A TEAR in the sea floor seven kilometres deep just north of Australia could cause disastrous earthquakes and tsunamis.
The tear in the Earth’s crust is located in the Banda Sea and measures about 60,000sq km — roughly the size of Tasmania.
Geologists have now discovered the tear is one of the biggest faults on the planet and is running through the Ring of Fire, an area in the Pacific Ocean where a huge number of earthquakes and volcanic eruptions occur.
According to the United States Geological Survey, 90 per cent of the world’s earthquakes and 81 per cent of the world’s worst earthquakes occur along the Ring of Fire.
The Ring extends from New Zealand, around the top of Australia and past Indonesia. It curls around past Japan and down the West Coast of the United States before ending at the bottom of South America.
An earthquake with a magnitude of 6.9 shook the Japanese coast of Fukushima prefecture and tsunami waves followed not long after.
84,000 people were left homeless after an earthquake with a magnitude of 6.5 struck western Indonesia. The earthquake killed more than 100 people.
A huge undersea earthquake in 2004 triggered a tsunami that engulfed several countries around the Indian Ocean, killing more than 170,000 people in Indonesia alone, the vast majority in Aceh, on the northwest tip of Sumatra Island.
In August of 2016, a 5.8 magnitude earthquake hit off Queensland’s east coast near Bowen.
It was believed to be Queensland’s biggest quake in 20 years.
The most catastrophic earthquake that occurred along the Ring of Fire was in the 1960s in Chile.
It’s the strongest earthquake on record and had a magnitude of 9.5.
According to University of Technology Sydney’s Geotechnical and Earthquake Engineering senior lecturer Behzad Fetahi, the borders of tectonic plates meet in the Ring of Fire.
“They move away from each other and push each other, it’s one of those very active areas,” he said.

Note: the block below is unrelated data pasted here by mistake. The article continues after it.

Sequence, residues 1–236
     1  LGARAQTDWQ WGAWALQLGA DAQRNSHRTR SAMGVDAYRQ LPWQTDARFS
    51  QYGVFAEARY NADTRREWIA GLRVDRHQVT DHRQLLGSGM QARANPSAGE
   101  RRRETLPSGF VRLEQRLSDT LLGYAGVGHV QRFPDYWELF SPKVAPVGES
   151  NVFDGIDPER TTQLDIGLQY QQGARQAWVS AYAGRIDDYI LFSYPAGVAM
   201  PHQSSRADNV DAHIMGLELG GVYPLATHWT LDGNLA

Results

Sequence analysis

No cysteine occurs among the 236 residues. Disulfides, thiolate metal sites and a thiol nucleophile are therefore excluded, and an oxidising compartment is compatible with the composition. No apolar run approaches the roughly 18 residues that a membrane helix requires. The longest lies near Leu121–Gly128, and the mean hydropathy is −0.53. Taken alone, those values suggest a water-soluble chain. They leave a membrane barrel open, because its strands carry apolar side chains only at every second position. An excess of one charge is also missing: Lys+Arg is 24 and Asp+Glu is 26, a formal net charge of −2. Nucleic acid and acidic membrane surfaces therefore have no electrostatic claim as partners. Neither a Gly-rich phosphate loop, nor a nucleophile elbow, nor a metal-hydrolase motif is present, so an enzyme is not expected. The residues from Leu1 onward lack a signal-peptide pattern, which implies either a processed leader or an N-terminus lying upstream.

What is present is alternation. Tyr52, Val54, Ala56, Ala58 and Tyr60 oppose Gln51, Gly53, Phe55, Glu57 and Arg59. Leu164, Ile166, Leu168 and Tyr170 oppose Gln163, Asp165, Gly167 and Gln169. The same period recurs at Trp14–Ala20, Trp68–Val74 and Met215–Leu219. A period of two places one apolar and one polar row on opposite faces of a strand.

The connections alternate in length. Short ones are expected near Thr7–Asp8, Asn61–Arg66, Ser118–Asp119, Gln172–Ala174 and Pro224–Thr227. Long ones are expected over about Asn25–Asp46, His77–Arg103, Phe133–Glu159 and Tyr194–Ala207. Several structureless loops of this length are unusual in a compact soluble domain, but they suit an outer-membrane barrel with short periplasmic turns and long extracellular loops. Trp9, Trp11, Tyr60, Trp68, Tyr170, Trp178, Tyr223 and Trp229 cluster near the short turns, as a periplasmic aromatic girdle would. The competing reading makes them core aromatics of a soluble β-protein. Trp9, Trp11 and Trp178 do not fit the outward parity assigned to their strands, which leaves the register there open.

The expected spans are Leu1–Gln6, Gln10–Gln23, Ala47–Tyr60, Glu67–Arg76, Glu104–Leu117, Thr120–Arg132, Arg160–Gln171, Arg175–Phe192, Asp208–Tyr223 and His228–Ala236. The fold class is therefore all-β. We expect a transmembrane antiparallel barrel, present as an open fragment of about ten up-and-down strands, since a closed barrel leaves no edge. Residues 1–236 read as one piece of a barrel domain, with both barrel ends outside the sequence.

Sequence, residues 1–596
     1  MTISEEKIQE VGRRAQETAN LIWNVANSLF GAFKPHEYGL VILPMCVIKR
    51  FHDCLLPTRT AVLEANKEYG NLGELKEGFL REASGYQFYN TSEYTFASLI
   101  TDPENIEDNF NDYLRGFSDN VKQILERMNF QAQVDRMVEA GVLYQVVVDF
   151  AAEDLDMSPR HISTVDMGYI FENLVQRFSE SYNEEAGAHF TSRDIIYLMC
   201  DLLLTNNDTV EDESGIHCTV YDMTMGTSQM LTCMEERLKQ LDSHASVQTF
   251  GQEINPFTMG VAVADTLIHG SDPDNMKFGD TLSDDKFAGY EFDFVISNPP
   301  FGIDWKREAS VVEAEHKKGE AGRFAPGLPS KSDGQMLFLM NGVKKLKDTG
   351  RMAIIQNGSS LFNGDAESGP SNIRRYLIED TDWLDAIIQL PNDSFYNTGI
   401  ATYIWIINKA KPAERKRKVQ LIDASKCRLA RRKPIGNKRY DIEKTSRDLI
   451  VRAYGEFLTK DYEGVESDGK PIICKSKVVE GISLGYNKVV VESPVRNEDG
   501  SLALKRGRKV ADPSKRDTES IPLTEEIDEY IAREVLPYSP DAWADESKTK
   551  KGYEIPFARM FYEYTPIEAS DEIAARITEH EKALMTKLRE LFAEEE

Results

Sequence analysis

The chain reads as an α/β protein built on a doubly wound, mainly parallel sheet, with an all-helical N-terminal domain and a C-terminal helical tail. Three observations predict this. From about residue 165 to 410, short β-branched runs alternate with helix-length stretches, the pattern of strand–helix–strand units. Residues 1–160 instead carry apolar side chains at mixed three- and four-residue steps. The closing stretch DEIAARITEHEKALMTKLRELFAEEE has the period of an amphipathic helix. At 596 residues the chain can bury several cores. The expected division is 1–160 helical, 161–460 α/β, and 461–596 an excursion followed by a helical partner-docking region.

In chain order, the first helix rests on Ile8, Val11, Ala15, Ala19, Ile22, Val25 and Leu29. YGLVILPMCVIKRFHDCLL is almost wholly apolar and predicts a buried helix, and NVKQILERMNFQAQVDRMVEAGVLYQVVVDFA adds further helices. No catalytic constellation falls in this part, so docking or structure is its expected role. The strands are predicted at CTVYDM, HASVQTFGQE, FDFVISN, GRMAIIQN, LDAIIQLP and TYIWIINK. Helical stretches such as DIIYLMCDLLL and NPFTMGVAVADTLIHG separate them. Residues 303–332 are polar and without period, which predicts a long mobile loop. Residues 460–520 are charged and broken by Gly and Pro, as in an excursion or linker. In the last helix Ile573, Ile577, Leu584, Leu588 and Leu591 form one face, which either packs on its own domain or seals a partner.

The tear could cause more catastrophic earthquakes and tsunamis, not only because it’s on the Ring of Fire, but because earthquakes that already occur around the deep tear could cause it to slip, causing more violent tremors on surrounding islands.
A sudden slip on the tear will release energy in waves, creating violent shaking on earth.
For decades there have been questions about how the tear, located near Indonesia, was formed.
“The hole has been known for 90 years but until now no one has been able to explain how it got so deep,” Australian National University lead researcher Jonathan Pownall said.
HOW WAS THE TEAR FORMED?
Researchers have identified the deep hole, known as the Banda Detachment, was created by subduction, where one tectonic plate moves under another and is forced downwards, sinking through the earth’s crust into the mantle.
Dr Pownall hopes this discovery will help people to assess the dangers of future tsunamis and earthquakes.
“In a region of extreme tsunami risk, knowledge of major faults such as the Banda Detachment, which could make big earthquakes when they slip, is fundamental to being able to properly assess tectonic hazards,” he said.
An Australian National University report on the deep hole said there was no evidence of recent earthquakes occurring over the tear, but researchers can’t rule it out.
The area around the tear is prone to frequent earthquakes and volcanic eruptions and the Ring of Fire is the most seismically-active zone on the planet.